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Is It Necessary To Have Tarpaulin Under Tent?

In hostile conditions, putting a camouflage tarp underneath your tent might offer defense and additional waterproofing for your shelter. There isn’t a necessity for you too, especially in pleasant weather. However, if you decide to use a tarp, purchase one that is sufficiently portable for your activities.

At some point, if you spend enough time outside, you’ll probably notice someone throwing a camo tarp down beneath their tent. But is this actually necessary? Is a tarp really necessary to place beneath your tent?

Although it is unnecessary, putting the tarpaulin under the tent system is a well-liked method of shielding your shelter from harm at night. Additional weatherproofing, such as tarps can shield you and your belongings from the drenched ground beneath your tent.

Having said that, you undoubtedly have a lot of questions about how everything works if you’ve never used a tarp for tent. We’ve put up this overview of tent footprints to get you started.

In this article, we’ll go over the most important things you need to know about utilizing a ground tarp for tent when camping. In this manner, regardless of the weather, you can have an incredible time in the mountains.

The debate of whether it is necessary to have a tarp under the tent

The argument about using tarps under tents is almost as old as camping itself. Some campers use ground cloths religiously, while others wouldn’t risk being discovered in the mountains with them. So, Is a tarp really necessary to place beneath your tent?

Although a tent footprint isn’t strictly necessary, using one throughout your adventures has a lot of benefits. But hauling a ground tarp while camping has its disadvantages.

Let’s examine some pros and cons of employing tent ground covers to end this argument once and for all.

Advantages of using tarps under tents

A tarp can be a great addition to most camping kit lists if you’re worried about remaining dry during a storm. The following are some benefits of placing a tarp underneath your tent:

  • It helps protect your tent

The fact that a tarp offers a lot of protection for your tent may be the largest advantage of employing a ground cloth. Consider this: Your tent floor experiences significant wear and tear while you are outside, particularly if you are camping in rocky or uneven terrain. Therefore, a ground cover might prevent damage and abrasions to your tent. As a result, a tent footprint can extend the life of your tent and help you save money.

  • Improved waterproofing

The ground around you will eventually get sodden if you are camping during a downpour. The likelihood that water will be able to leak through the floor of your tent increases when this occurs. In order to avoid water seeping into your sleeping space, use a ground cloth underneath your tent. Additionally, it keeps your tent from being overly moist.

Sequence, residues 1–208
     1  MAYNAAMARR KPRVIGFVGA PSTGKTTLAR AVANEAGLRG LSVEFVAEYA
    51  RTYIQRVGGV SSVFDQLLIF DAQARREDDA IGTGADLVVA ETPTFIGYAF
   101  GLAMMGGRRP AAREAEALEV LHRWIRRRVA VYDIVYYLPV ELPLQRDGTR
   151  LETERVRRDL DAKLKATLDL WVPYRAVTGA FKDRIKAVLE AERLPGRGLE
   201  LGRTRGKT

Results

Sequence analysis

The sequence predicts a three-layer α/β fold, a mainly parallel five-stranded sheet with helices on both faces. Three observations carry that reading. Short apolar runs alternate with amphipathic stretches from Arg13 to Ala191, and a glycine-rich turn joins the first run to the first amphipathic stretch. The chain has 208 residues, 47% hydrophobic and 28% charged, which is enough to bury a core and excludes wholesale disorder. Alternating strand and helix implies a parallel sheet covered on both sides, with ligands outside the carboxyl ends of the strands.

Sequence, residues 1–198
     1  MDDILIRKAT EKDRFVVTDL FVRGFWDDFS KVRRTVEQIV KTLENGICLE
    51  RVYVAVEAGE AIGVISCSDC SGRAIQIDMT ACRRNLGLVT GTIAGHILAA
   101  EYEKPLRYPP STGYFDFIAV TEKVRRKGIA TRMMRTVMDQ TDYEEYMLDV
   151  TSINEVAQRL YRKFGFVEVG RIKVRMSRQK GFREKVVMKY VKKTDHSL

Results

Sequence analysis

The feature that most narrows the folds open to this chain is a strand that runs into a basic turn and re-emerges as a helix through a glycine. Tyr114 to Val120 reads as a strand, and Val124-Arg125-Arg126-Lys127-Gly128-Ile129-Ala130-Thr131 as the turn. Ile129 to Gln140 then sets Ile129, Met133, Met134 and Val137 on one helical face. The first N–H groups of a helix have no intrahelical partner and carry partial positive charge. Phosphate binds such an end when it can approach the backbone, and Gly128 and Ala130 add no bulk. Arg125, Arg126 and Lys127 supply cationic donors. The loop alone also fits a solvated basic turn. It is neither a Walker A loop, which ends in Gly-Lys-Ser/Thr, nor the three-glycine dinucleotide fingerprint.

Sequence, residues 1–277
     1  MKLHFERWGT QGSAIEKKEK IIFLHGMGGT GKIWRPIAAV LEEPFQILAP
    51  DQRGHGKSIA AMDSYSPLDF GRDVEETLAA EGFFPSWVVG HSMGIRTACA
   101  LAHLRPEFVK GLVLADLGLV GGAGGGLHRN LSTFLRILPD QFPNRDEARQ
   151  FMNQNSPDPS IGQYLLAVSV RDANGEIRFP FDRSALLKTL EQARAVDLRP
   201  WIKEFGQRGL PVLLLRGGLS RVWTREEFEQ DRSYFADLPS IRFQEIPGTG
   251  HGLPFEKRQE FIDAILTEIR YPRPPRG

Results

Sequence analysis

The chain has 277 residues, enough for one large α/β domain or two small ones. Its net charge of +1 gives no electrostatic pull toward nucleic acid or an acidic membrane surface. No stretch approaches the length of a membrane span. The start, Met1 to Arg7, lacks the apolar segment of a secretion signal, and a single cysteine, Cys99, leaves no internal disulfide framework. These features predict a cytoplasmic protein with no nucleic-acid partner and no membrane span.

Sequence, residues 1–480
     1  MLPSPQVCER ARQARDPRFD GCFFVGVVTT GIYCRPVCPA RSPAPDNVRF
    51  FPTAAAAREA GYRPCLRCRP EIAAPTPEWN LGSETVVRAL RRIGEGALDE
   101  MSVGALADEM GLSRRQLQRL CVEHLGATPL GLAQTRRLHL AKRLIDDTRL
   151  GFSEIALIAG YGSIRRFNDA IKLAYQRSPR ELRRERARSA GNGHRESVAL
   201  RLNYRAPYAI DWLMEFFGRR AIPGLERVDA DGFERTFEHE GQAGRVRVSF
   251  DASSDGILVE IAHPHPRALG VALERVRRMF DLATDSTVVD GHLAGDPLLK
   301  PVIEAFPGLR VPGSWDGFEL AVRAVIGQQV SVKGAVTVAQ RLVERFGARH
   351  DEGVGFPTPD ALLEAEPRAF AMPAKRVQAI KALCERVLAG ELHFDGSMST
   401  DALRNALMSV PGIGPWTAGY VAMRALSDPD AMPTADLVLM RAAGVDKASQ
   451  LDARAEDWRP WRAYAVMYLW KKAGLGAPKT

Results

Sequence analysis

• Additional Insulation

Using a tarp under your tent adds a little bit of extra insulation between you and the ground, even if tarps aren’t the best insulators. This may result in a better night’s sleep and greater energy for hiking the following day on a cool evening.

  • Post-Trip Cleaning is made simple.

A tent footprint keeps your gear clean while you’re outside by acting as a barrier between your tent and the ground. Even though your ground fabric will probably become very muddy and filthy, a tarp is considerably simpler to wash than a tent. Consequently, employing a tarp can speed up and improve the effectiveness of your post-trip cleanup.

  • It makes it easy to pitch the tent.

Last but not least, carrying a tent footprint might make setting up your tent much simpler. You may easily spread out your ground cloth to gauge the area if you’re unsure whether your shelter will truly fit in a potential tent site. It’s much simpler to do this than to pitch your complete tent just to discover that it won’t fit in the desired place.

Disadvantages

  • Additional weight and bulk

Adding a tarp to your camping checklist will make your load heavier. Tarps can also be rather heavy, making loading your equipment difficult. Of course, this might not be a big deal if you’re car camping. But for extremely light backpacking journeys, it’s a disadvantage that’s important to take into account.

  • Additional cost

Tarps are an additional investment, even though they aren’t the most expensive piece of equipment you’ll need to purchase. This is especially true if you want to spend a significant amount of money on a manufacturer-built ground cloth. But you can frequently save cash by creating your tent footprint from a painter’s tarp.

What is the appropriate size tarp for tent protection?

A tarp is only beneficial if it fits your tent properly in terms of size. A model that is too small won’t give you the trail protection you require. On the other hand, a model that is overly large will result in you carrying more weight and mass than is necessary.

Unfortunately, there is some disagreement on the tarp size necessary for tent protection. While some people contend that your ground cloth should be a bit larger than the size of your tent, others disagree.

The size of the tent itself, however, ultimately determines the best tarp size for your tent. Finding a tarp that is roughly the same size as your shelter is excellent, though a few inches here and there won’t make much of a difference.

The important thing to remember is that your tarp shouldn’t be noticeably bigger or smaller than your tent. A pool of water could grow under your cover if your tarp is too big and begins to gather water. Alternatively, if your tarp is too tiny, it won’t provide your equipment with enough protection.